Six western states hit by BLM ban on solar farms pending environmental impact assessment



U.S. Bureau of Land Management (BLM) has put a halt on 125 applications
for solar energy power plant projects on public land in six western
states: Arizona, California, Colorado, Nevada, New Mexico, and Utah.
The BLM said that this equated to almost one million acres with the
potential to generate 70 billion watts of electricity, or enough to
power 20 million average American homes.

“Renewable energy resources, such as solar, wind, hydroelectric and geothermal, will continue to play a larger role in meeting the Nation’s future energy needs,” said Secretary of the Interior Dirk Kempthorne. “We must use our own domestic energy resources as part of a balanced, rational and realistic national policy to secure a reliable supply of affordable energy for America’s families and businesses. Expanded solar energy development is part of the solution, placing more control over energy supply in the hands of America.”

The BLM will now undertake a joint programmatic Environmental Impact Statement (PEIS) with the Department of Energy (DOE) to assess the potential impact on the environment in these states, which could take as long as two years to complete.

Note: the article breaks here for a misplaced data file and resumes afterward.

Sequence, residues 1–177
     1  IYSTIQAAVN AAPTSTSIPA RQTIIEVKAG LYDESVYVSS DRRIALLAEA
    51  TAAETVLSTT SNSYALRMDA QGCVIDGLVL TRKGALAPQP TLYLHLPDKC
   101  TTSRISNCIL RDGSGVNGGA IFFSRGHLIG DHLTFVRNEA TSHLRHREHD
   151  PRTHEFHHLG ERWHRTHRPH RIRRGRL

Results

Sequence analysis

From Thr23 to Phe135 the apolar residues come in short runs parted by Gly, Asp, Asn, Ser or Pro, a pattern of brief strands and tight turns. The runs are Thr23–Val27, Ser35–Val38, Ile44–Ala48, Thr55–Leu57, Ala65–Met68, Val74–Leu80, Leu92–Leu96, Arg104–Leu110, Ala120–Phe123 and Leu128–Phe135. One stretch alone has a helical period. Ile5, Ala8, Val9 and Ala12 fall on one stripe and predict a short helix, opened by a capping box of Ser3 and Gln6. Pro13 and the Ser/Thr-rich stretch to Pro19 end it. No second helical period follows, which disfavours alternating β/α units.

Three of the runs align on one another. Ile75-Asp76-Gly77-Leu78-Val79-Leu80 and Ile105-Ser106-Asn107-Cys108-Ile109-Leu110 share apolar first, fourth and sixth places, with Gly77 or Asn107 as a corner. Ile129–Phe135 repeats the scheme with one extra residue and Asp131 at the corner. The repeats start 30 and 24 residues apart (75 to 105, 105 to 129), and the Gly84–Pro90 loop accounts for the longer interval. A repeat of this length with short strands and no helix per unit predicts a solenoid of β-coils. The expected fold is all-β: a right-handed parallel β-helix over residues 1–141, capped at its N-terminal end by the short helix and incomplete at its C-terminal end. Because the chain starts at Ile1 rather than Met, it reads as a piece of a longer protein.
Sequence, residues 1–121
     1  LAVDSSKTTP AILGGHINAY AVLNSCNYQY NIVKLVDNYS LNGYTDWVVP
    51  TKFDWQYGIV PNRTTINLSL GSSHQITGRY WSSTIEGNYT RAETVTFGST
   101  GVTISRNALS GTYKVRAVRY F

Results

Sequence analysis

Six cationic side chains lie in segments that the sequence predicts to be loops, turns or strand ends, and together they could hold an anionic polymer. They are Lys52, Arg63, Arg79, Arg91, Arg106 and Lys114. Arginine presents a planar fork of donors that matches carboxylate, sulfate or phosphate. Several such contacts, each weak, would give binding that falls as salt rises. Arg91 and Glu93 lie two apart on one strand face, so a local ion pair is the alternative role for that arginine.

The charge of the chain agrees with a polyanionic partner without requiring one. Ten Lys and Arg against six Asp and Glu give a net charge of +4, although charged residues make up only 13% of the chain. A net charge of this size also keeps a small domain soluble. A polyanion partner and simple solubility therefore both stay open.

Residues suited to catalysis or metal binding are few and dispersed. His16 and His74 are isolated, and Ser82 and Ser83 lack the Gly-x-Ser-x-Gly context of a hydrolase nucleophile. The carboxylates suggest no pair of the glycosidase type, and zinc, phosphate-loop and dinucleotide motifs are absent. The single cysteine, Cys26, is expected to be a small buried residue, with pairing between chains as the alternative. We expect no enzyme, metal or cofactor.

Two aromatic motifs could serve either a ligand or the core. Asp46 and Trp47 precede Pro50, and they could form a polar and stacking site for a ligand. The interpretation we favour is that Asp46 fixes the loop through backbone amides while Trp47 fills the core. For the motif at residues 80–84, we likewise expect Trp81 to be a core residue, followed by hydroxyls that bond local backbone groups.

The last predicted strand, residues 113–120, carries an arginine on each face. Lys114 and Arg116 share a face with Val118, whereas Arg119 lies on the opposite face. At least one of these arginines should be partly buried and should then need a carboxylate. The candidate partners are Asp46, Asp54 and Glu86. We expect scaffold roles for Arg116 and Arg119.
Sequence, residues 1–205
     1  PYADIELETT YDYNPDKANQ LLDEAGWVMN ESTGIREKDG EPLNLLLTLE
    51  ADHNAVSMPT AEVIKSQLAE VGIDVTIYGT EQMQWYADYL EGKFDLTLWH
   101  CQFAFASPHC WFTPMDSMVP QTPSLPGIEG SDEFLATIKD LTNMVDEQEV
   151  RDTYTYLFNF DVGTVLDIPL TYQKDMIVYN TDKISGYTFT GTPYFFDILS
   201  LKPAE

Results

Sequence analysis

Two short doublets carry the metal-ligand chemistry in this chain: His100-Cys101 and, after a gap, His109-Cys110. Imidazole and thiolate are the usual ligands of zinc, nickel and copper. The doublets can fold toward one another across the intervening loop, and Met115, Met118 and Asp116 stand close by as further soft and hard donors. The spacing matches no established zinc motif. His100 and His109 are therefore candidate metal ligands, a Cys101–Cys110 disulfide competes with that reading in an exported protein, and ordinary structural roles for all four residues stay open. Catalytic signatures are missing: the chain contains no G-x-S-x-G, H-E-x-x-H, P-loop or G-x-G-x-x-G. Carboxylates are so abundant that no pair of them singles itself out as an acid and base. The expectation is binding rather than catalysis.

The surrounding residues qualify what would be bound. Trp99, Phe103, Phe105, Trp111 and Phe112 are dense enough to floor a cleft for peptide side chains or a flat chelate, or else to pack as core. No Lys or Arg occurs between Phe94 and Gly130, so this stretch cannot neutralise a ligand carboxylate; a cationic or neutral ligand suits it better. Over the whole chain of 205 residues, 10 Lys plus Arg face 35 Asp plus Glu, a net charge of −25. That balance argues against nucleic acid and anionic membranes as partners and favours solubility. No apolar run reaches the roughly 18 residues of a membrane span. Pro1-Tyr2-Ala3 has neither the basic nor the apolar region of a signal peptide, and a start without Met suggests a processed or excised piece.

“Preparing a programmatic EIS is a necessary first step in evaluating to what extent public lands with high solar energy potential may be able to help meet the Nation’s need for renewable energy,” said BLM Director Jim Caswell. “Scoping is a crucial part of ensuring that any solar energy program would take into account environmental and socio-economic impacts while allowing the Nation to realize tremendous benefits in terms of energy availability, reliability and security.”

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